One Memorial Day weekend, I lost my sense of smell.  Bad colds sometimes do that to you. But this was different. Two weeks later, my cold was gone but it had apparently delivered a knockout punch to my nose.
A ten-beer sampler at a local microbrewery tasted like ten variations of faintly flavored water. Ice cream was cold but nothing more.
A month later.  Still nothing.
There’s no good time to lose your sense of smell, but summer is the worst. I’d waited all year for the short window that yields tender stalks of my favorite vegetable, asparagus. Juicy corn and chin-dripping tomatoes awaited me finally, after months of what I refer to each year as our “orange period:” dinners consisting of sweet potatoes, squash, rutabagas, and carrots, the upper Midwestern winter staples, in dozens of iterations.
For me, summer is a smorgasbord of flavor and variety. Our weekly CSA box brims with vegetables that appear, like a Broadway star, for but a few weeks only. But without my nose, it became the year without summer.
Anosmia is the medical name for loss of smell. It affects millions of Americans, some temporarily and others permanently.
Taste is dependent on smell. When food is chewed, odors travel to the back of the mouth where a properly functioning olfactory system translates them into flavor. A malfunction can cause taste to remain intact—that is, the mouth can distinguish temperature, texture, and among sweet, salty, sour, and bitter. What’s missing is flavor—the sense that lets you savor the chocolaty undertones of your stout beer and the tang of tomato salsa. Sometimes the smell and taste loss can be restored if it is linked to a specific problem like diabetes. But if the loss resulted from olfactory-nerve damage from a head trauma or, in my case, a viral infection, there is no reliable cure, save for time and hope that the nerves will regenerate.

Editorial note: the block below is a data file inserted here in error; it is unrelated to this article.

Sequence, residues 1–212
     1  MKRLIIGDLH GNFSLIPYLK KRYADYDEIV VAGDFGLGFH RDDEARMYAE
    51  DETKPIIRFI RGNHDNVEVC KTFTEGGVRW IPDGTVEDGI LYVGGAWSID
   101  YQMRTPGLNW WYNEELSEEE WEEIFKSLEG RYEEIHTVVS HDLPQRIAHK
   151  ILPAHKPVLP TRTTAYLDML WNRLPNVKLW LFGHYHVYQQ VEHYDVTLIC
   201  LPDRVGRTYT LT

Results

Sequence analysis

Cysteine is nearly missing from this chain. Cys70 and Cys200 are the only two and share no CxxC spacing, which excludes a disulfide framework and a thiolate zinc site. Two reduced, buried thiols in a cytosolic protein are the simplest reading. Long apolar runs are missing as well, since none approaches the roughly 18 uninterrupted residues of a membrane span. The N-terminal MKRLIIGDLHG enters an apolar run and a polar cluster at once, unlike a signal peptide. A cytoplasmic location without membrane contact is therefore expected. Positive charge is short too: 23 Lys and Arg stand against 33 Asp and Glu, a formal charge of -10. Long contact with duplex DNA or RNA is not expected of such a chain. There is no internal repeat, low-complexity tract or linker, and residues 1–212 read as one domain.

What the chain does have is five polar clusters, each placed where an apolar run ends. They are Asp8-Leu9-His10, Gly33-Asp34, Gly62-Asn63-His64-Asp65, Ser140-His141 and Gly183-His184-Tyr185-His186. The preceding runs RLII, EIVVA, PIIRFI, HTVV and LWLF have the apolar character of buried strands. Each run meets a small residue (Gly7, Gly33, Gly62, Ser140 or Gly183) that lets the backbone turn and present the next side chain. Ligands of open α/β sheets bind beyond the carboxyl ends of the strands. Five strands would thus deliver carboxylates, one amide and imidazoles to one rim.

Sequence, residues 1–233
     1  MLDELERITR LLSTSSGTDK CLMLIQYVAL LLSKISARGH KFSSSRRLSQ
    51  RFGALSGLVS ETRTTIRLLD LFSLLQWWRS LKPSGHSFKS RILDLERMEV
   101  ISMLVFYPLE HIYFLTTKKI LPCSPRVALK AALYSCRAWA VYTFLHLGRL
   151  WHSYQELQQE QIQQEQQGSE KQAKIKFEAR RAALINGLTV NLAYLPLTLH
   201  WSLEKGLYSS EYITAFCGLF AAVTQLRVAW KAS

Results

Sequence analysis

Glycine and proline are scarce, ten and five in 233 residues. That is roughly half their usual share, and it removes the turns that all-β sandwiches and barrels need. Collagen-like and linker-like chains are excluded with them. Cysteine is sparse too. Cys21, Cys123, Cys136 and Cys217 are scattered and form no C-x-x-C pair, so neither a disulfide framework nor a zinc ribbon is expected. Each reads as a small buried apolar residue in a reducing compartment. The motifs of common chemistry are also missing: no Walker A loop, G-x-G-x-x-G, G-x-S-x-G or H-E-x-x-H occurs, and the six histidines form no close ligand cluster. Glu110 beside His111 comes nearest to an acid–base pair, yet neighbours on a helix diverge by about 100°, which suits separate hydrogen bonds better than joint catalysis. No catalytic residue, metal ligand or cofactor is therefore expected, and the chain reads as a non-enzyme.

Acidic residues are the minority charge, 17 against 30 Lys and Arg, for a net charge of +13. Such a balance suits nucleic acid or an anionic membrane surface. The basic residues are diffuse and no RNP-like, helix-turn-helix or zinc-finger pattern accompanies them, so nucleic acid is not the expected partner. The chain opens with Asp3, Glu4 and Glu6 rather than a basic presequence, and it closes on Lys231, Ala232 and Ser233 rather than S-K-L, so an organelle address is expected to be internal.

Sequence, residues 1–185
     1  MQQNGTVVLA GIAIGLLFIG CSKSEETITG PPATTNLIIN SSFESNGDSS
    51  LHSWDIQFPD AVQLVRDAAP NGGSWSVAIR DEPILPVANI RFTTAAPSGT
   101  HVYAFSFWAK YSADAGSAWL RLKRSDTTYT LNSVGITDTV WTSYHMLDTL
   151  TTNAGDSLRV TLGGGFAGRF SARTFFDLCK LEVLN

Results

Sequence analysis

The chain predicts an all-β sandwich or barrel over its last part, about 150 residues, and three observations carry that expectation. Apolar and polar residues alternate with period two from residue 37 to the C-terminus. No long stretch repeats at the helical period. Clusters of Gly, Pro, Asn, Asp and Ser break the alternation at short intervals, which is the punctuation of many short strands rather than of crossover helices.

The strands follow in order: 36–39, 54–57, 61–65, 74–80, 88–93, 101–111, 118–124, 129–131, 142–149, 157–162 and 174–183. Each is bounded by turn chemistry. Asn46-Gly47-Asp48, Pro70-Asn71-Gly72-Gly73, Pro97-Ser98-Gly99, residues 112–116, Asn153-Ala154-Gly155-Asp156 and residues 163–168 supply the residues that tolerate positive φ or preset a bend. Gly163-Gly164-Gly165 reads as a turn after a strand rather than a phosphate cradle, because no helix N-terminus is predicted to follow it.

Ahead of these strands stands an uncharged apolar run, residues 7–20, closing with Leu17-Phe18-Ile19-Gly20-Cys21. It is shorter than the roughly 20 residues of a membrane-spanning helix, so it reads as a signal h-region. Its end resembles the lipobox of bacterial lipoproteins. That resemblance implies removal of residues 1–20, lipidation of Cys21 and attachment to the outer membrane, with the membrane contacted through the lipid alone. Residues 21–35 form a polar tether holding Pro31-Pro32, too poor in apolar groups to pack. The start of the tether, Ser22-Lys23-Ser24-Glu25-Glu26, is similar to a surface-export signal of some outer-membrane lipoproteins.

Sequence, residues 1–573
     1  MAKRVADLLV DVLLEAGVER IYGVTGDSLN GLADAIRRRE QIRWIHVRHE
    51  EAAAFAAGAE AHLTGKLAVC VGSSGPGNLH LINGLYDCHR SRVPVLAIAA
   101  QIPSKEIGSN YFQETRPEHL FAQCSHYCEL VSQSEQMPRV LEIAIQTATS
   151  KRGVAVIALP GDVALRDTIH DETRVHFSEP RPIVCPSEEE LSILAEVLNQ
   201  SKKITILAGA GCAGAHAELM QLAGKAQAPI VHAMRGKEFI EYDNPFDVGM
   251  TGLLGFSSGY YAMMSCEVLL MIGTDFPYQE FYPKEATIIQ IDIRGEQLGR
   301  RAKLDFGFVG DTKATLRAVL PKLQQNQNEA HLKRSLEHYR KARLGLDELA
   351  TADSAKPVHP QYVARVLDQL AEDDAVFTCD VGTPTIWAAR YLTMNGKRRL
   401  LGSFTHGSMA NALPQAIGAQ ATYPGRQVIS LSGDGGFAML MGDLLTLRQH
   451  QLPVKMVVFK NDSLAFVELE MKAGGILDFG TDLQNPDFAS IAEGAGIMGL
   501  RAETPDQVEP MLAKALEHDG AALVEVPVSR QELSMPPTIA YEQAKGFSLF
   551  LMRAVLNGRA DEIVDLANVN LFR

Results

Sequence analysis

Slowly, my sense of smell came back. An overall blandness yielded to subtle shades of salty and sour. By early fall, eating had become almost fun again.
But not everything was right. The rewiring of my olfactory nerves had a faulty connection.
Washing my hair with some orange-scented shampoo one morning, I felt nauseated by the smell. Citrus, but particularly oranges, had become disgusting in my newly reordered brain. After months of not smelling them at all, oranges came rushing back at me with a vengeance.
I avoided them at first. It’s easy to do when you live in Wisconsin and try to eat locally. But orange-scented products and orange wedges in drinks and garnishes appear in a surprising number of places and had me running for the door.
I thought maybe I could retrain myself to like oranges. I’d “trained” myself to eat other things by introducing them regularly into my meals, like raw tomatoes. I drank small sips of orange juice for a week, screwing up my face in disgust with each swallow and shoving the glass across the table to my husband to finish. I ate orange wedges and garnishes, choking them down one bite at a time and chasing them with water to drown out what had insensibly become a horrible flavor.
And it actually worked. Almost a year later, I could drink a small glass of orange juice and eat an orange wedge without feeling nauseous. I still don’t order orange juice for breakfast and I can’t remember the last time I ate a whole orange, but I know that I can now. And maybe someday, I will.
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